Governor's Bridge, Toronto
Nesbitt Park and adjacent homes in the western section
Governor's Bridge is a bridge and small neighbourhood in Toronto, Ontario, Canada, located to the east of Rosedale and Moore Park, and like them is one of the most expensive in Toronto. Unlike them it was part of the former city of East York. The neighbourhood is named for the Governor's Bridge that crosses the Moore Park Ravine and connects the area to Rosedale.
Governor's Bridge's boundaries are the Canadian Pacific Railroad to the north, Bayview Avenue to the south and east, and Mud Creek as part of the Moore Park Ravine to its intersection with Pottery Road to the west. It contains all residential properties on the streets currently known as Governor’s Road, Nesbitt Drive, Douglas Crescent, True Davidson Drive and Hampton Park Crescent, as of May 1, 2009. The neighbourhood is divided into two sections by a smaller set of railway tracks.
It is a very small neighbourhood with only a couple of hundred homes. The area was originally purchased and subdivided in 1911 by two prominent Toronto lawyers: William Douglas and Wallace Nesbitt. Each has a street in the neighbourhood named after him. Construction had to wait until the construction of Governor's Bridge in 1923 connected the area to the rest of the city. The bridge was named in honour of the Lieutenant-Governor of Ontario whose home Chorley Park was located just south of the bridge. The west part of the neighbourhood was quickly built up during the Roaring Twenties boom period, and most of the houses date from this era. Many of them are ornamented with Spanish-style accents. This style was also very popular in California at the time, and was thus often featured and glamourized in films of the period. In its early history the area was thus sometimes nicknamed "Little Hollywood." It has remained an elite enclave that in recent years has seen many of the smaller bungalows replaced by much larger new homes.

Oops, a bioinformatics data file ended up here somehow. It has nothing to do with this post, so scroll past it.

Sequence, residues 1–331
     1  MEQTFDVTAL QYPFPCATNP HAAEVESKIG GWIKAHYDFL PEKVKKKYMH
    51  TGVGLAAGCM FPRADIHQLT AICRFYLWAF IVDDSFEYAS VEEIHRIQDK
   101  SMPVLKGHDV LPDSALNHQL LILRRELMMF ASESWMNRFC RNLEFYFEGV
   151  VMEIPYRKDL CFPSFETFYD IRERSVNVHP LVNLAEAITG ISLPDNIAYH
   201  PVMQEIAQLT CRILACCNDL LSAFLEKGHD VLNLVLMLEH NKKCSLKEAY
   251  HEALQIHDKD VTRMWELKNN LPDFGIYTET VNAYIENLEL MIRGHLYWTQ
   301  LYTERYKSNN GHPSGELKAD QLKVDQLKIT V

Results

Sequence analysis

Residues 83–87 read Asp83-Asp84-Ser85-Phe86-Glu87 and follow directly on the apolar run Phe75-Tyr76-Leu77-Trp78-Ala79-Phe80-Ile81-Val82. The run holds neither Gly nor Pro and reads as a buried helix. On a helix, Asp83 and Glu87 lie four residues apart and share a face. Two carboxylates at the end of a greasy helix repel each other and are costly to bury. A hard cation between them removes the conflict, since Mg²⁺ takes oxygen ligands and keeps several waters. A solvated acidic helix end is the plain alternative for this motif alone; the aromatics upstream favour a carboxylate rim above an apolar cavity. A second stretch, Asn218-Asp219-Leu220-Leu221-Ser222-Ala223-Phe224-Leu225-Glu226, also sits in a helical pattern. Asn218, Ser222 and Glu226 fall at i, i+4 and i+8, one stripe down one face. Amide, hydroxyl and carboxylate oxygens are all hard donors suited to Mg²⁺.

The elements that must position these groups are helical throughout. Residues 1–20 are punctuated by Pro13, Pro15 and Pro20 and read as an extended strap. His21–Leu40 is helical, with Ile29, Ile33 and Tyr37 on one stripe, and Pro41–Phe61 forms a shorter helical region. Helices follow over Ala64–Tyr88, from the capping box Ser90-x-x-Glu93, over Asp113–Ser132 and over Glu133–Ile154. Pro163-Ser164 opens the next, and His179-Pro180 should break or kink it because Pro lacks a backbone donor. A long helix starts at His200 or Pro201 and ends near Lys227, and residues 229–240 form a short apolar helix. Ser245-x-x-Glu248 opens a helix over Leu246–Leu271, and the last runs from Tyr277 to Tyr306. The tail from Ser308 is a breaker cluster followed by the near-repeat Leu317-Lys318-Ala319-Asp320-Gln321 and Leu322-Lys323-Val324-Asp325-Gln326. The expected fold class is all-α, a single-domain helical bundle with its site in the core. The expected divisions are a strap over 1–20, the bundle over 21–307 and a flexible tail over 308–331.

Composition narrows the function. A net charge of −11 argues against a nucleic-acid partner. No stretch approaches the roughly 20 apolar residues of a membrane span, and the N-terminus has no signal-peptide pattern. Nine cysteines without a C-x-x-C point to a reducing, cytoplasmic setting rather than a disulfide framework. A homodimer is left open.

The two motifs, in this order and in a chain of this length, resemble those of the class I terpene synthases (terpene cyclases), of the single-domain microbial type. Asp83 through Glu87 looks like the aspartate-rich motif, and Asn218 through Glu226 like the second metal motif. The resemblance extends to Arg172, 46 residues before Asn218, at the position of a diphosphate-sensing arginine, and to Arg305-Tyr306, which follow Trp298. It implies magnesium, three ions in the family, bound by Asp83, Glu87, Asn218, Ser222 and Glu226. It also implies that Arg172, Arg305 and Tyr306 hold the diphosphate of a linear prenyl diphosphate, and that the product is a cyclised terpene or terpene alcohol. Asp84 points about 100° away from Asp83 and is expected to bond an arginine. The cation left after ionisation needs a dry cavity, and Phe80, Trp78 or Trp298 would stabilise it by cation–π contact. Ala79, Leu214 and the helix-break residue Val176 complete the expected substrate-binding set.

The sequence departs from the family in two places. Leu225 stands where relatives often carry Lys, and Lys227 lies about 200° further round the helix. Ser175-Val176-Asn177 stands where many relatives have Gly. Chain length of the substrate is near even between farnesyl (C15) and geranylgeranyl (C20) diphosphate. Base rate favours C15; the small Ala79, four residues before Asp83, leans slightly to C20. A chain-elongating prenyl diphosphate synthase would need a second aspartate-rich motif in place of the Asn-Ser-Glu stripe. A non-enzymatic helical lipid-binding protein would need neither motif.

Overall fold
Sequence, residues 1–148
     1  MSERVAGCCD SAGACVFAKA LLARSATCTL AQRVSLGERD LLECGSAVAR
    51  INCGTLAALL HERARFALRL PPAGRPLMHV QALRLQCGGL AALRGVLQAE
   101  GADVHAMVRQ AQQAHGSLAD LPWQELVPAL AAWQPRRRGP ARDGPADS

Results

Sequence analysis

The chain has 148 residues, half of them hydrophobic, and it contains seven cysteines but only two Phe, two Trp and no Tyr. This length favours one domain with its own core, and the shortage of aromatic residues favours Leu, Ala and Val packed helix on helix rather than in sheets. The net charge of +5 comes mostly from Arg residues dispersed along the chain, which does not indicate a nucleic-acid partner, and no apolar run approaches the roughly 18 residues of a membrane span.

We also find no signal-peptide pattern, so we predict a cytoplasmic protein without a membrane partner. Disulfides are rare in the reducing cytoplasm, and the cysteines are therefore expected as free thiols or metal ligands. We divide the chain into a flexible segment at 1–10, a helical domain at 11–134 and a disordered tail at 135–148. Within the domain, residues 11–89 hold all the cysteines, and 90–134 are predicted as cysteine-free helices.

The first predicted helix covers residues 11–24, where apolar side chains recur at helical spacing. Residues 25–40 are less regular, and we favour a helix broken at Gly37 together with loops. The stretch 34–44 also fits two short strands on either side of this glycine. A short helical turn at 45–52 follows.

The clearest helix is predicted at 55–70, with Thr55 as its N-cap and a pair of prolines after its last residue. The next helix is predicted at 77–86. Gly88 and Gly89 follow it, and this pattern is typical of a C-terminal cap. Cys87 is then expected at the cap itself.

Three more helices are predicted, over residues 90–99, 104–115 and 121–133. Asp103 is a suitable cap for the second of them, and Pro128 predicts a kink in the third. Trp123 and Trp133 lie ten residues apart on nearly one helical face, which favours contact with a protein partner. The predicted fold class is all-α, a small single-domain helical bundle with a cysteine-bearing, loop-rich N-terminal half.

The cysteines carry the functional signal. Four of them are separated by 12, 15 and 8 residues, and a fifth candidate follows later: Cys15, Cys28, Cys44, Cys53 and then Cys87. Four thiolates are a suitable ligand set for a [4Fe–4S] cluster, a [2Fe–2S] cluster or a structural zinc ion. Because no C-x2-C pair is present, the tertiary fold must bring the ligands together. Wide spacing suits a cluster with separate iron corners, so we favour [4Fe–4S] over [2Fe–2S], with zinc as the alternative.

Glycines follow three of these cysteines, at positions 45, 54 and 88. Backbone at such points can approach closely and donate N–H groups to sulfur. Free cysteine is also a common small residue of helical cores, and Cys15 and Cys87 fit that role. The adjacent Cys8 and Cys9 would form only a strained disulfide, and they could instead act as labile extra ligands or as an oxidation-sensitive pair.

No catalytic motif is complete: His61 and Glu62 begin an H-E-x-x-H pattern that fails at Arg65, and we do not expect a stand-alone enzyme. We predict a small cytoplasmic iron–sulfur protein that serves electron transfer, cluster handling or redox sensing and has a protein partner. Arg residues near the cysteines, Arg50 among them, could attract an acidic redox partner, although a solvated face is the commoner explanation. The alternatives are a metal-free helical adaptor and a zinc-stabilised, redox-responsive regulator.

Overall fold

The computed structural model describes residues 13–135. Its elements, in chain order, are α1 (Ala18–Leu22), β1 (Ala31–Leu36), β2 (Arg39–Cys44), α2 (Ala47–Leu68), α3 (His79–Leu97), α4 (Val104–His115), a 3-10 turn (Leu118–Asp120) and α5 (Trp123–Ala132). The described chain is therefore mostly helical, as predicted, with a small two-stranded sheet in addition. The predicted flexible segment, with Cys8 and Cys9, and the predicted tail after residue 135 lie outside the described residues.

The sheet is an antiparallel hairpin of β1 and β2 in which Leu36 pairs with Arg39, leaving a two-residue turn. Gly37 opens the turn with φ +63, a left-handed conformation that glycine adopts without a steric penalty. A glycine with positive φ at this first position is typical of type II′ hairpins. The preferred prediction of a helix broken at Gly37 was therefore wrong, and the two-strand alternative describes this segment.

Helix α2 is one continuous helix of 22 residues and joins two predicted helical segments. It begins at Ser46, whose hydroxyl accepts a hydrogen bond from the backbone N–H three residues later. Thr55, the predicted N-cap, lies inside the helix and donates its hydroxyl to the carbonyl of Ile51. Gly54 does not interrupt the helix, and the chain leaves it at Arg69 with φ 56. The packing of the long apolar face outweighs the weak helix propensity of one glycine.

The eastern part of the neighbourhood, across the rail line, has a very different history. After the Second World War Bayview Avenue was extended south from Moore Avenue through the Don Valley. This opened the possibility of developing the land just east of Governor's Bridge, which could be reached along Bayview. In 1959 Harry Frimerman, a Toronto land developer obtained permission from East York to construct a set of apartment buildings on the site. This caused immediate outrage from the residents of Governor's Bridge and beyond who had been promised the area would remain as park land. Within days the city reversed itself, but legally the development permit could not be revoked. The developers began construction of the Hampton Park Apartments. Unable to block the construction itself, the city refused to extend water and sewer service to the site. In 1960 the developers halted construction of the partially completed apartments. A hollow seven story shell of a building remained on the site for over twenty years. The position atop the ravine and next to the Don Valley Parkway made them into a prominent landmark and they were nicknamed the Bayview Ghost.
East York rezoned the area for single family homes and the "Ghost" was finally demolished in November 1981 at the developer's expense. A new bridge was built linking Governor's Bridge to the other side of the tracks, and in the late 1990s the Conservatory Group began work on a new subdivision named the Governor's Bridge Estates. The development consists of 60 homes in a neo-eclectic style. This development also ran into difficulties as people proved unwilling to buy homes overlooking an expressway at Rosedale prices.
- Governor's Bridge - Toronto Neighbourhood Guide
- Picture Perfect Neighbourhood: Governor’s Bridge - August 5, 2009 - Morgan Dumas and Diti Dumas
- Redway, Alan (June 2012). "How a Leasider Finally Excorcized the Ghost". The Leaside Life. p. 21.
- "Pricey subdivision half-vacant." Jonathan Spicer. Town Crier. January 10, 2005
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